Dr. S. W. Williams in this country, and Dr. Ford in America, have recorded their experience of phosphorus in these conditions. The six cases of the former physician were treated by 1/30 gr. doses (Kirby's pills) twice or thrice daily, but only two could be considered relieved (Journal of Mental Science, 1874). Dr. Ford recognized improvement in fifteen cases of dementia (American Journal of Insanity, January, 1874). Dr. Judson Andrews had previously written in favor of phosphoric acid in different forms of insanity, but especially those tending to melancholia (American Journal of Insanity, October, 1869).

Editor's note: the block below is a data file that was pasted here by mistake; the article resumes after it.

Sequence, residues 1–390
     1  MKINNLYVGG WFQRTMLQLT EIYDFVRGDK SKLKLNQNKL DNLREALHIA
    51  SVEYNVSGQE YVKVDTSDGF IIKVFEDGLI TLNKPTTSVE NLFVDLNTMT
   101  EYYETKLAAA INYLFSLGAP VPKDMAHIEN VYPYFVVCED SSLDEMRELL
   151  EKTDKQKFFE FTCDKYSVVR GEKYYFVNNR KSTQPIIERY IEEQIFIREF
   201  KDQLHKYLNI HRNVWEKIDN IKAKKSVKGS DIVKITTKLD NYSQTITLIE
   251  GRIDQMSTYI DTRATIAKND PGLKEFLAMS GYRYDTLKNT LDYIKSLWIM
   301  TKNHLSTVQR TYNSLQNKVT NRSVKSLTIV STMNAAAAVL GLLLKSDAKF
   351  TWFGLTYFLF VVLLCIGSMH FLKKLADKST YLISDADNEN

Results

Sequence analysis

I have notes of thirteen cases of recovery from this distressing affection in patients between the ages of thirty-two and forty-five years, most of whom showed well-marked symptoms, such as despondency and depression, suicidal impulse, fear of solitude, loss of sleep, etc.: they looked haggard, with flushed face, and complained of cold, clammy skin, vertigo, and various disturbances of the digestive system. In addition to general treatment by exercise and different forms of bath, and the occasional use of nux vomica or aperients, I gave phosphorus, at first 1/30 gr., afterward 1/100 gr., thrice daily, with the result that all recovered in the course of two to three months. My experience of fourteen other cases between the ages of thirty-five and fifty shows, however, that it is an uncertain remedy, and although quickly beneficial in some cases, in others it is disappointing.